Matt: Well, I definitely want to go a lot deeper on that in the why crypto rails question. Maybe before we do, why don't you guys just set the stage in terms of what Dynamic is building, what type of customers you guys work with, and how the product works?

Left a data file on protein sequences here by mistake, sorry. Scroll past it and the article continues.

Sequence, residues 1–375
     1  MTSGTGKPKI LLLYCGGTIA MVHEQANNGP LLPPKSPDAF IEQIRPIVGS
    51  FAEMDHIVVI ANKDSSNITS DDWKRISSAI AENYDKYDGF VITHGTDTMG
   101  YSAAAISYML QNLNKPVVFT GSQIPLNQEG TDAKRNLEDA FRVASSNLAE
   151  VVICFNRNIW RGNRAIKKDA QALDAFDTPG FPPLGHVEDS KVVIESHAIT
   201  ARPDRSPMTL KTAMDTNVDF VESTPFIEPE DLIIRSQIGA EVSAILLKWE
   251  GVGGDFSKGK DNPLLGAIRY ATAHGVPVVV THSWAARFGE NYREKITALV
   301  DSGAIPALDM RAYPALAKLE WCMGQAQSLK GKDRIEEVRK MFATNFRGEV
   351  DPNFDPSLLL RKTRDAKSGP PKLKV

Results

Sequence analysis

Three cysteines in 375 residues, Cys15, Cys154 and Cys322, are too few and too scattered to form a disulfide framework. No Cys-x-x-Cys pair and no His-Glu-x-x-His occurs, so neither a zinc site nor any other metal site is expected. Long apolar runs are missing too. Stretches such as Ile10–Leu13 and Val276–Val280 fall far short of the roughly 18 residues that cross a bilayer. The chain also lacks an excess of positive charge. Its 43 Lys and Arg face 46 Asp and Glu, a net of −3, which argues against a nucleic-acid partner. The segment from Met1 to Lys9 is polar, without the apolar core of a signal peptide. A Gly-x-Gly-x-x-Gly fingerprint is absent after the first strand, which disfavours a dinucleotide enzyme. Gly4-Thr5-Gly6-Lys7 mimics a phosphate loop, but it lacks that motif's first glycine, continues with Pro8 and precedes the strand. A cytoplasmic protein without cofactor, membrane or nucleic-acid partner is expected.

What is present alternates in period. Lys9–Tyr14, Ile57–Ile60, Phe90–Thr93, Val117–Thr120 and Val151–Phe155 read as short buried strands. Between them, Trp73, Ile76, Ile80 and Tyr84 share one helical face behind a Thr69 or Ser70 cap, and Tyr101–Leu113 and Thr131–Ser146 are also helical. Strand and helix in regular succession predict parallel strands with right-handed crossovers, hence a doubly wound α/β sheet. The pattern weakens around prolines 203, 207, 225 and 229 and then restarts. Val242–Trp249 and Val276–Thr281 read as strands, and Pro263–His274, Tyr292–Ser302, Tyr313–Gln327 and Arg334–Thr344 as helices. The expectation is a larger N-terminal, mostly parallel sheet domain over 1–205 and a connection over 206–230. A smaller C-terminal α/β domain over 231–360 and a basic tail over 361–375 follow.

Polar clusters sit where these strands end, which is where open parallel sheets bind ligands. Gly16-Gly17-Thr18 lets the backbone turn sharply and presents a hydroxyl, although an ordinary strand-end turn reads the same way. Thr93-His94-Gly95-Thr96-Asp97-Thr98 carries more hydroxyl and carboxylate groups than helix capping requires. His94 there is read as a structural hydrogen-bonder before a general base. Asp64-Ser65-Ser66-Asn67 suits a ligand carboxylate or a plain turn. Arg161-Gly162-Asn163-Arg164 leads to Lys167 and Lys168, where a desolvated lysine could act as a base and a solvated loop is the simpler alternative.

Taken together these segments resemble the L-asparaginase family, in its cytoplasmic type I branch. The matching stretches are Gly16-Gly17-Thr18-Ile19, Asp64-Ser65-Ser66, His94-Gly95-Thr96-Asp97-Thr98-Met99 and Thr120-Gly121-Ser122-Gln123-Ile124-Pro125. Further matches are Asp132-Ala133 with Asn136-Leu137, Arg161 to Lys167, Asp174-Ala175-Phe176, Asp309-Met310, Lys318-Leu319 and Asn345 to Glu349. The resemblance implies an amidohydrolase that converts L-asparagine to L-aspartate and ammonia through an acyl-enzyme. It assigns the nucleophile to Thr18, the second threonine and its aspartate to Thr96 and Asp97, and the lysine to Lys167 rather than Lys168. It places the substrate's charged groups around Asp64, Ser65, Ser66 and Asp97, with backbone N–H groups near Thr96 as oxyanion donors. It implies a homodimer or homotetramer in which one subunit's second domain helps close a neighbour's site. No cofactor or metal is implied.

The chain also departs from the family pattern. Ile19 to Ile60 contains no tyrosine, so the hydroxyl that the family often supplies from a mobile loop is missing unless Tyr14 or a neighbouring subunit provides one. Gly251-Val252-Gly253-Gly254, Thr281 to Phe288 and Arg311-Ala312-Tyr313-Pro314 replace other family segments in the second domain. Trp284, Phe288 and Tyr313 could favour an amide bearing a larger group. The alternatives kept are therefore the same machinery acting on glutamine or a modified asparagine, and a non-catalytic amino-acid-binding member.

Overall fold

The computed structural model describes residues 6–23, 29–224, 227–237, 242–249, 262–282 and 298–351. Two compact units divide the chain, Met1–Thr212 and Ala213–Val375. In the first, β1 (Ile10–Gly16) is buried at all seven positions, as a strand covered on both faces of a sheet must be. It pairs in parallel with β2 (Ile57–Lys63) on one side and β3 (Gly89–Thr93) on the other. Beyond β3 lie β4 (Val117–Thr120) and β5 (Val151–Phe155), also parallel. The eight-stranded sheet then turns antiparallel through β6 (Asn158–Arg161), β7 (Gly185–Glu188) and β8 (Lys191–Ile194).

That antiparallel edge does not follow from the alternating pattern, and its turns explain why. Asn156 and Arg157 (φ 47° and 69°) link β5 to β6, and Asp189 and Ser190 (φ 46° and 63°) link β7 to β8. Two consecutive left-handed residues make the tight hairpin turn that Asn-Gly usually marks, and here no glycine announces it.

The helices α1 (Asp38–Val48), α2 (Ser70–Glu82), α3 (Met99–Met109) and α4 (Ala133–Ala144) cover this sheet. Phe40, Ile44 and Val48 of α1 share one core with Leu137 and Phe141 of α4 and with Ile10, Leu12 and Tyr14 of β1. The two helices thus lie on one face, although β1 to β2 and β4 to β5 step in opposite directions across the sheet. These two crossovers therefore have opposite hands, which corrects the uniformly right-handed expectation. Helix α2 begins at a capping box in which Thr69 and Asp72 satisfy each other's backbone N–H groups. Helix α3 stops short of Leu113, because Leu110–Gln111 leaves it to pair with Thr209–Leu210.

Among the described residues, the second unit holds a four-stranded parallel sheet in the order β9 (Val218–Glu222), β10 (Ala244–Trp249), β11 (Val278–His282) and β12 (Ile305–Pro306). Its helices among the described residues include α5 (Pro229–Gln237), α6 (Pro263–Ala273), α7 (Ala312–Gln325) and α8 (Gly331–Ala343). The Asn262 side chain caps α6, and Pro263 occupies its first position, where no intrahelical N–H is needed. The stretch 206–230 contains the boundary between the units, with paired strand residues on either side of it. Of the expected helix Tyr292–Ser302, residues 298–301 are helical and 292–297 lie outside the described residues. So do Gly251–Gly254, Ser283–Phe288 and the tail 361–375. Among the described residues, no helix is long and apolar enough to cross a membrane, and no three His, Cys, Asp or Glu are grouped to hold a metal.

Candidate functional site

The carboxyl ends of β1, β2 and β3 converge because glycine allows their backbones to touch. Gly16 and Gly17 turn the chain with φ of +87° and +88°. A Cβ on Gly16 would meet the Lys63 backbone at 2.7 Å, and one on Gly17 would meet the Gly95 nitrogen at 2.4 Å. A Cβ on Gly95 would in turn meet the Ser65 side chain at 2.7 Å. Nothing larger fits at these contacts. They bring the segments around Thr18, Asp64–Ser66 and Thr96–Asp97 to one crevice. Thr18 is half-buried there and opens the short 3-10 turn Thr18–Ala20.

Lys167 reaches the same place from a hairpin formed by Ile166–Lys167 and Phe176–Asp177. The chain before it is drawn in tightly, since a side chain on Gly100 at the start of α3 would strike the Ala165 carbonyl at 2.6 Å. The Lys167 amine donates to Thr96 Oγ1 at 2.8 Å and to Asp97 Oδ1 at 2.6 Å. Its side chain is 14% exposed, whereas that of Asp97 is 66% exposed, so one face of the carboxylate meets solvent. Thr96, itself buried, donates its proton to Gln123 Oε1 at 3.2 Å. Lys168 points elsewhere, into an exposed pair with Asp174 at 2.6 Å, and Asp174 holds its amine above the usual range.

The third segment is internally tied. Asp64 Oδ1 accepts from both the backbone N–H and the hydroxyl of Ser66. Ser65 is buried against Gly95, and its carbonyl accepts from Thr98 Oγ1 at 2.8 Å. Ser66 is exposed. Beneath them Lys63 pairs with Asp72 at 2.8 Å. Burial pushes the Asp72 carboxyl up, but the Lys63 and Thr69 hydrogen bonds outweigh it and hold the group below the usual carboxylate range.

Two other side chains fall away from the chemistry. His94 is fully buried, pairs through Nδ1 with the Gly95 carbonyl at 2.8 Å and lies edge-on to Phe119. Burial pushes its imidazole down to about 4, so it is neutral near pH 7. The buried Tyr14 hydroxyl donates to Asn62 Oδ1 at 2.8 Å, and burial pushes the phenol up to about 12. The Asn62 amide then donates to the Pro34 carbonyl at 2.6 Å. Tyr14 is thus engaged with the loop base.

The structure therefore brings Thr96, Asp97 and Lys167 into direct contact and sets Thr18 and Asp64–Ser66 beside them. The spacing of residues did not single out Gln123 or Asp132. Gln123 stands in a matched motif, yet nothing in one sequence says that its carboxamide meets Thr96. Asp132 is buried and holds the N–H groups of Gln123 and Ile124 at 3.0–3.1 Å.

Itai: Yeah, absolutely. So the short version, the one-sentence version is we're really building an auth0 for wallet-based-authentication is we're really building an Auth0 for wallet-based authentication. We think about it the following way, which is wallet-based authentication is a completely different way of logging in. Two things, in our opinion, happen for which Dynamic is based on. The first one, we talked about, which is everyone moves to wallet-based authentication, and not just Web3 companies, but Web2companies. The second is, there's going to, be for a while, this chaos in terms of competition in the space of wallets, right? Different wallets, different chains, and so on. So, as a developer... and a large number of these really interesting identity protocols are coming up, right? The Lens Protocol and the LID Protocol, and what the Spruce folks are building, Kepler, which is a phenomenal group of folks. There's going to be this chaos and a lot of really interesting things. So, what we're trying to do is say, "Okay, look, how do we abstract that away for developers, so that they can focus on their product?" The way to do it is, two things. It's this set of SDKs that a developer can get, that they set up on their site and they can get multi-chain and multi-wallet login. But then, as soon as they set up the dynamic SDK, they can go to their developer dashboard and they can start interacting with these different protocols, right? So, they can turn on an access list or NFT-based gating, or they can do information collection, or one day a Lens Protocol, or a CyberConnect, or anything of that sort. So, the idea of what Dynamic is building is really saying, "Okay, look, there's so much going on in authentication and identity in Web3. How do we abstract that away from the vast majority of developers by giving it an extremely simple SDK that they can use, and then kind of a bunch of toggles that they can add to leverage the more sophisticated things you can do withWeb3 identity?" That's really what we're building. Again, the short version of it is Auth0 for wallet-based authentication. The longer versions is what I just attempted to describe.